“…witchcraft and magic involve issues that cut across disciplines, and Mitchell has produced a solid, impressively interdisciplinary contribution to our understanding of them.” — Edward Bever, Journal of Interdisciplinary History

“Mitchell’s Witchcraft and Magic in the Nordic Middle Ages is the best book currently available about medieval Scandinavian witchcraft and magic. His careful use of a broad range of sources in all of the medieval Scandinavian languages creates a convincing picture of what magic and witchcraft were like in the Scandinavian Middle Ages and of how people at the time experienced it. It is a model of how to reconstruct a belief system, and thus it should be read by anyone with an interest in witchcraft, magic, popular religion, or popular belief.” — David Elton Gay, Western Folklore

“…an enjoyable, informative read. Highly recommended…” — A. E. Lykam, Choice

“…in opting for a history of mentality approach, [Mitchell] greatly opens the range of available source material […] this well-written book will be of great interest to specialists (and students) of Old Norse culture and history as well as to historians of European magic. Finally, this is a text that ought to interest students of religion, who have here an excellent study of 'religious' change.” — Nicolas Meylan, The Journal of Religion

“…a clearly written, sophisticated consideration of the dynamics of popular and elite cultures of religion, witchcraft, shamanism, and magic during the medieval period in the Nordic region.” — Emily E. Auger, The Journal of Religion and Popular Culture

“The starting date for Professor Mitchell’s thorough and subtle analysis is the year 1100 […] The material assembled here is rich, varied, and often unfamiliar. The socio-historical picture Professor Mitchell draws from it will be of great value not only to scholars of Scandinavia but to anyone interested in the complex history of European witch-beliefs.” — Jacqueline Simpson, Folklore

“There are several advantages to Mitchell's analysis. One is, as suggested above, the sure hand with which he controls the different types of source material, ranging from sagas to church paintings and court proceedings. Another advantage is the interdisciplinary approach that comes with this process. But the biggest advantage is that he can demonstrate that perceptions of magic were by no means unchanging during the medieval period. One of the most interesting findings of the book is precisely the distinct developments taking place in this area.” Anna Wallette, Scandia. Tidskrift för historisk forskning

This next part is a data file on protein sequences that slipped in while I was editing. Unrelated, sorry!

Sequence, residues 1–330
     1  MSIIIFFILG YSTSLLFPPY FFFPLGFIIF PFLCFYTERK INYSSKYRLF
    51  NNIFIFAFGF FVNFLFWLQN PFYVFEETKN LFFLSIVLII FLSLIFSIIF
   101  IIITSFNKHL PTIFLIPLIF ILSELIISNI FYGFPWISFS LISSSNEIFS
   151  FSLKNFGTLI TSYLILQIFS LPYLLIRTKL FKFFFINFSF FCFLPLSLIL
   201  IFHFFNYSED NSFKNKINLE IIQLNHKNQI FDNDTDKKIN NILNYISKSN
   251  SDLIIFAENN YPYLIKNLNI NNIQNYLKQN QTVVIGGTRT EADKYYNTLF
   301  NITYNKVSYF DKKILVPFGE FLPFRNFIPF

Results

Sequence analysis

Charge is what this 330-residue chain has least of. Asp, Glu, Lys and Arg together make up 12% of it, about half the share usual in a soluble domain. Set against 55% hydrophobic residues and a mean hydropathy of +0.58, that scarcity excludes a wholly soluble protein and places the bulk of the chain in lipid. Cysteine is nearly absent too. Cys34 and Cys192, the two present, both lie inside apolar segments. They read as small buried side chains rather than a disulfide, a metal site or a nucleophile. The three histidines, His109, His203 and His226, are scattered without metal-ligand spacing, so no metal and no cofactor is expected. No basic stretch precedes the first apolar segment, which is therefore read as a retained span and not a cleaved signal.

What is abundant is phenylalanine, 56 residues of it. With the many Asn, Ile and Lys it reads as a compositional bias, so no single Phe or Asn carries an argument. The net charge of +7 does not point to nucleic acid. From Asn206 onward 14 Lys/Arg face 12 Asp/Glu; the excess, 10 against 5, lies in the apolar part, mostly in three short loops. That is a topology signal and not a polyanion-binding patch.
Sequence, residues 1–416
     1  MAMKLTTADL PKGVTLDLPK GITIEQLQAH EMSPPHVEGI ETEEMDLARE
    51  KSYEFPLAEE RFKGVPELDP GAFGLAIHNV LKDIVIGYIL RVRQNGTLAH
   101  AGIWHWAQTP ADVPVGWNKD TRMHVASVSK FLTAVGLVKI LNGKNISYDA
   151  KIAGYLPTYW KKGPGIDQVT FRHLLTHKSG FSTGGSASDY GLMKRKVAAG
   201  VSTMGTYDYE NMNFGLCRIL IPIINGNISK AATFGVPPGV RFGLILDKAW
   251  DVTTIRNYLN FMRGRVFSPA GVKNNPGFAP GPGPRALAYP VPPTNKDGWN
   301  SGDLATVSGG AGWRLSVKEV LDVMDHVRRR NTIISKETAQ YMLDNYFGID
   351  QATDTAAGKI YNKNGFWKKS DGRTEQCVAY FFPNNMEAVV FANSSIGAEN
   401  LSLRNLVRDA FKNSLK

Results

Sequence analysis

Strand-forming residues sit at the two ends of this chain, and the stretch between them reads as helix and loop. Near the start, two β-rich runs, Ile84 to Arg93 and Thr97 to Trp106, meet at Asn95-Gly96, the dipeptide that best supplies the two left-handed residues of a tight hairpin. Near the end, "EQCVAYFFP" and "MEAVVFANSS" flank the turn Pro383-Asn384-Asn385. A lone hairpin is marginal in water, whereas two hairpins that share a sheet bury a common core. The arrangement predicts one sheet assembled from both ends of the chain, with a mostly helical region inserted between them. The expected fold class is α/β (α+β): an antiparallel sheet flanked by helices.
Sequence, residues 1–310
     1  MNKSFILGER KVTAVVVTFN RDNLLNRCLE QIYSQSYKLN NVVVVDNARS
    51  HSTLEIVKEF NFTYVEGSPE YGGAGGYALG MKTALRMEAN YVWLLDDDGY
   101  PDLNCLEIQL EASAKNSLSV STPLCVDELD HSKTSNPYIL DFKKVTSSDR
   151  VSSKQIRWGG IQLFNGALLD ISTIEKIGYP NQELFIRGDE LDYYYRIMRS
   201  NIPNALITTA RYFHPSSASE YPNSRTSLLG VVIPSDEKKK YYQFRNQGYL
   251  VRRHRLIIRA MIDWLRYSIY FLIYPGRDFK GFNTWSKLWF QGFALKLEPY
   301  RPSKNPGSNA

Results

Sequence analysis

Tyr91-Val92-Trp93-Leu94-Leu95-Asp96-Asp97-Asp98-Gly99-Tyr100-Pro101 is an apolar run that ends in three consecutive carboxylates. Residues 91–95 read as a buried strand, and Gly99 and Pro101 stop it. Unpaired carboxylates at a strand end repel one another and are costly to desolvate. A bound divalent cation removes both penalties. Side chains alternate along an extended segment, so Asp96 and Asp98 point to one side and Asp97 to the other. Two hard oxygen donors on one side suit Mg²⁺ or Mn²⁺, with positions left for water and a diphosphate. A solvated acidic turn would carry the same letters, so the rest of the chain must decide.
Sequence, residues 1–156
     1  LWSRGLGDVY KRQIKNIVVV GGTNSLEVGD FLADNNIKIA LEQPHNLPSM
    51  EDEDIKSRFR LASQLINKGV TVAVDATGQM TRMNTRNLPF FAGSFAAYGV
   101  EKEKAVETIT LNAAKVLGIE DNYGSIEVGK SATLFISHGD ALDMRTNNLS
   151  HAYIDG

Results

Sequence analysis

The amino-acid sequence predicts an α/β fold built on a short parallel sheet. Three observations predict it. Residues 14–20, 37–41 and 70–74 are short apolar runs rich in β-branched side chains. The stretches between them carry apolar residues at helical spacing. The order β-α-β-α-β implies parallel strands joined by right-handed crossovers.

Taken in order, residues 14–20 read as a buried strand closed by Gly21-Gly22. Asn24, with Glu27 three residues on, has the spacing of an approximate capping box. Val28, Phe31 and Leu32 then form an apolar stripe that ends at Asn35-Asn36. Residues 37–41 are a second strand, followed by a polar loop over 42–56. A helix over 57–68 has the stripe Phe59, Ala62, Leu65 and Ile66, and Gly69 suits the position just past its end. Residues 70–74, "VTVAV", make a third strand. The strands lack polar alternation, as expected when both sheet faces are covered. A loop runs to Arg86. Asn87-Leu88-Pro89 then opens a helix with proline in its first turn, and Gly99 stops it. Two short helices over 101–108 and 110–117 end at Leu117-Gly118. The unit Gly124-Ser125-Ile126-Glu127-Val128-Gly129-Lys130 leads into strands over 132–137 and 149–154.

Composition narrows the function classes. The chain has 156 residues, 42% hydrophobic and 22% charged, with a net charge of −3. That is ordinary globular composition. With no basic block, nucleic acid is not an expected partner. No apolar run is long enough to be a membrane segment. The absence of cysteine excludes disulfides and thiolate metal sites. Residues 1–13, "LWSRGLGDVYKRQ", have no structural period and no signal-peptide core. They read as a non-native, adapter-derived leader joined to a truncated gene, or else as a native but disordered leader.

“a comprehensive and enlightening survey of beliefs and narratives concerning supernatural aggression in medieval Scandinavia […] an effective and evocative bridge through the long and richly storied era that begins in the pre-Christian Viking Age and ends in the Reformation.” — Thomas DuBois, The Journal of English and Germanic Philology

“The special significance of this book, however, is in the way it uses its textual and methodological resources to redirect our attention from the usual terrain of Nordic cultural history. While Nordic magic has enjoyed plenty of attention from other historians (work which underpins much of Witchcraft and Magic), this book constitutes something of an intervention in the field.” — Stuart McWilliams, Preternature: Critical and Historical Studies in the Preternatural

“Mitchell's book provides an excellent overview of research and at the same time shows in a convincing manner how popular conceptions of witches and sorcerers changed in the North during the Middle Ages.” — Lars Lönnroth, Svenska Dagbladet